After a volatile stretch last week, Monday has seen the financial markets return to a more sedate pace, with slight market movements following a slight schedule of economic releases.
By Peter Martin
Monday, March 23, 2015
Stocks on Wall Street have edged higher, drawing close to all-time highs, and by early afternoon the Dow Jones was up 53 points or 0.29% at 18,181, while the S&P 500 was at 2110.6, a gain of 0.12%. It’s a testament to just how choppy trading has been this month that advances for the blue-chips today would mark the first back-to-back gain for the Dow Jones in March.
Economic news has been both light and mixed. The Chicago Fed National Activity Index became the latest indicator to point to a slow start to the year for the economy, with below-trend growth seen in this indicator for two straight months. The index came in well below expectations with a reading of -0.11, a poor result that was compounded by a steep downward-revision to the previous month’s level: the index was originally reported as being at 0.13 in January, but was today amended to -0.10. Weakness was concentrated in housing and manufacturing, while employment was a bright spot.
We have seen quite a raft of soft housing data in recent weeks, but there was some encouragement provided for the sector in today’s existing home sales report. Sales rebounded 1.2% in February, following a 4.9% contraction in January, rising to an annualized rate of 4.88 million. Year-on-year this is 4.7% higher. We will see whether the bounce extends to new homes sales tomorrow – the market consensus suggest otherwise, with the number expected to fall to an annualized pace of 462,000 from the 481,000 seen in January.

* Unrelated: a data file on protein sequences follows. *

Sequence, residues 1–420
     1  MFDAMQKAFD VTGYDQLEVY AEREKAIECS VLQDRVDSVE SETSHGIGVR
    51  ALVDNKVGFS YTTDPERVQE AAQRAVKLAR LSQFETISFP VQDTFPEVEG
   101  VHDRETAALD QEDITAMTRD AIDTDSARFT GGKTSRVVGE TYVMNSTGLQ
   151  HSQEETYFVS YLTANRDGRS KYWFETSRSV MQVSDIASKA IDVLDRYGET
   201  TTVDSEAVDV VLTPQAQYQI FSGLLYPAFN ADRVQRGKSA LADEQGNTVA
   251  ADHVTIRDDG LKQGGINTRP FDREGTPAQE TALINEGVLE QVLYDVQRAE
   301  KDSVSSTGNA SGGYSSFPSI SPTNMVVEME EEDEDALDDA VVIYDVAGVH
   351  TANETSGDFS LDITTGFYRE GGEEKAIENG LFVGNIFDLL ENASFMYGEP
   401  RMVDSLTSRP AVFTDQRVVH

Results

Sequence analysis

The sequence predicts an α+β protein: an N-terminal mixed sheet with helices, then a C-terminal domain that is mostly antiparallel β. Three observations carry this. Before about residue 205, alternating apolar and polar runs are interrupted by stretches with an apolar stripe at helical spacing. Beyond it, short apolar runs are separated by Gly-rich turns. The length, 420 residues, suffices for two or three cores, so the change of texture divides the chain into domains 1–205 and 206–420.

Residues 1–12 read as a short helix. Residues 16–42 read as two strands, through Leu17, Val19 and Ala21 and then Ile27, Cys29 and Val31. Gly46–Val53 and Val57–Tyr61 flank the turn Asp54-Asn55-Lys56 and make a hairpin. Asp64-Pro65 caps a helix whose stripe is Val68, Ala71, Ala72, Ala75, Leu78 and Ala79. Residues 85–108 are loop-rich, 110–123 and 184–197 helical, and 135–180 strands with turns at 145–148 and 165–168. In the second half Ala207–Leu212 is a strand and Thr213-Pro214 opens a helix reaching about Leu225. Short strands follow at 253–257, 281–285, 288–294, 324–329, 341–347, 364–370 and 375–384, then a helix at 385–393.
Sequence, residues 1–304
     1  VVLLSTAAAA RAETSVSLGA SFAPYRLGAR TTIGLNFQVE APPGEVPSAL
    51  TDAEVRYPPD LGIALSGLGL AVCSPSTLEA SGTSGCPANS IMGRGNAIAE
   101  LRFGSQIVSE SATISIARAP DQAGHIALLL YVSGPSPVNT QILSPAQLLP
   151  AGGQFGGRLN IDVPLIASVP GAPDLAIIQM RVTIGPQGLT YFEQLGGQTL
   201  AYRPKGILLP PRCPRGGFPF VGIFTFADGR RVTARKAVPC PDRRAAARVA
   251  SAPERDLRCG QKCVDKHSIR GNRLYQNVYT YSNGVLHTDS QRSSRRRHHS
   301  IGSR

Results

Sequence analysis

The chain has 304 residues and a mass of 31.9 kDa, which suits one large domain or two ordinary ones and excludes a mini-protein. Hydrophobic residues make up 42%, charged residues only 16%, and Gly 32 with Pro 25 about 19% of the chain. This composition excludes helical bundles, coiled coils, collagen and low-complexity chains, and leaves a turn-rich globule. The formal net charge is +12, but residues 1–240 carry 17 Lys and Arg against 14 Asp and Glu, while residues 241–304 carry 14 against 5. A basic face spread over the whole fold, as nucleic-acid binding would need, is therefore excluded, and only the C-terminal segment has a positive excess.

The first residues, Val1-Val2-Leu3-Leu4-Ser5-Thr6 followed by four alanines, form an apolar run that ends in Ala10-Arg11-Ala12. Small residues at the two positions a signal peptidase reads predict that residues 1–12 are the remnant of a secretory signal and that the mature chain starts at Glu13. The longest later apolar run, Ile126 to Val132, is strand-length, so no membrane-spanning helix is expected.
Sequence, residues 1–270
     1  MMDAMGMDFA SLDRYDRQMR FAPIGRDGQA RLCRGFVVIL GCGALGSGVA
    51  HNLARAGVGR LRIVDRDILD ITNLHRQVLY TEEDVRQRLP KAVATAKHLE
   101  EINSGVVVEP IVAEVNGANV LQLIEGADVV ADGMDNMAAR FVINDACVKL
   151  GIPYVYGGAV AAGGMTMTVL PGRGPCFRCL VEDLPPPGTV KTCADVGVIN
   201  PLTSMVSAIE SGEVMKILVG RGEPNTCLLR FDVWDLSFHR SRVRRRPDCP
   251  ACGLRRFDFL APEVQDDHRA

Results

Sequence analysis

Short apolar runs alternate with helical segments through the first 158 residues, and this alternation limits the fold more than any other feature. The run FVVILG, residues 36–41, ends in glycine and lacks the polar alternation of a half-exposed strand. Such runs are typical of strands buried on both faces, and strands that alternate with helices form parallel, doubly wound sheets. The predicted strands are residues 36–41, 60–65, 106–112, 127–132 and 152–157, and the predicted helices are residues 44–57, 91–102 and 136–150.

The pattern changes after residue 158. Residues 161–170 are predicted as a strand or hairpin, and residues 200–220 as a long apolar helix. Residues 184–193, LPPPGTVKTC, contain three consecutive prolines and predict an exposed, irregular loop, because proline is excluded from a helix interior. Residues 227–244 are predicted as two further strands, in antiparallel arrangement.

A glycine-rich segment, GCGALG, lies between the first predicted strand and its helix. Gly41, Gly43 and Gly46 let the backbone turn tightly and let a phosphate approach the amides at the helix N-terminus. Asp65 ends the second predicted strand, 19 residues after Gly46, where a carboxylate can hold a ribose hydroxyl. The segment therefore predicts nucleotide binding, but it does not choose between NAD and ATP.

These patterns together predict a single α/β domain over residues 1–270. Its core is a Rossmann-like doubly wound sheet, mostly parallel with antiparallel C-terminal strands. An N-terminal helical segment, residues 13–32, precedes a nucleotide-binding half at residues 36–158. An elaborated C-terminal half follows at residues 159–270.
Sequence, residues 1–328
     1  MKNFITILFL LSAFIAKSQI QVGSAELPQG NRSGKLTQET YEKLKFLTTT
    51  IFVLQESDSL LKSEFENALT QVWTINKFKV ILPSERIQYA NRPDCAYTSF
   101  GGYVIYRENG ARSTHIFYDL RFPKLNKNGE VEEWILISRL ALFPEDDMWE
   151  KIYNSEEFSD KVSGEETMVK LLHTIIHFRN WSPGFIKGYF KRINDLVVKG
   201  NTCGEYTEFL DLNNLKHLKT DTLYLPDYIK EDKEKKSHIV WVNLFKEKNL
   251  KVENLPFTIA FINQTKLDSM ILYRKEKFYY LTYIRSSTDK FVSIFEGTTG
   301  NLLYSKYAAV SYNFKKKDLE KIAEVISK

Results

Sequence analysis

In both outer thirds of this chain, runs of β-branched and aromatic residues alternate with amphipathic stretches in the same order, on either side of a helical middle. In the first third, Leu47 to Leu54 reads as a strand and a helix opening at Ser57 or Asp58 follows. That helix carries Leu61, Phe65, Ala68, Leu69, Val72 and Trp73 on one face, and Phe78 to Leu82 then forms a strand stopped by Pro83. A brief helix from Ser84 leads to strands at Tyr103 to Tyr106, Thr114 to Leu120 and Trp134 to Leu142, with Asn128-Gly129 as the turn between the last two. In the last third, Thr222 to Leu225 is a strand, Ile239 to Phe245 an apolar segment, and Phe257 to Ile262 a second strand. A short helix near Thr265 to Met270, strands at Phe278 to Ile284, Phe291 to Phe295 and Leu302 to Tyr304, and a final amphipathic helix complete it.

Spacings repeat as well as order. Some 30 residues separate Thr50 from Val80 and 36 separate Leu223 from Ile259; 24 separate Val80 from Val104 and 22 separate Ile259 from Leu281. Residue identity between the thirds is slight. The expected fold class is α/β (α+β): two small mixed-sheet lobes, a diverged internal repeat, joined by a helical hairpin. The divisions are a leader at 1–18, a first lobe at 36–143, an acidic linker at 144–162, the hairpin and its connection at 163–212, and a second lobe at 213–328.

A trend that began building in the middle of last week was a reversal of the dollar’s strength, the currency coming under pressure in the wake of a Fed statement that was perceived as being more dovish than expected, and that trend has continued into the new week, with the euro and the Australian dollar in particular strengthening sharply versus the US dollar again. EUR/USD climbed 1.03% to 1.0932 and AUD/USD rose 1.22% to 0.7869.
The lower dollar has in turn helped to stabilize the oil price, despite ongoing concerns about oversupply. Saudi Arabia’s oil minister revealed that the country is producing roughly 10 million barrels a day and said there would be no Saudi cut in output unless other oil producers, including non-OPEC countries, were to co-operate in reducing their production levels. “We held meetings and we did not succeed because countries outside OPEC were insisting that OPEC carry the burden and we refuse that OPEC bears the responsibility,” said Ali al-Naimi, the oil minister for Saudi Arabia. Crude oil futures initially moved lower after these comments, but recovered as the day progressed, to be up 0.11% at $46.62 a barrel near to the close of the open outcry trading session in New York.
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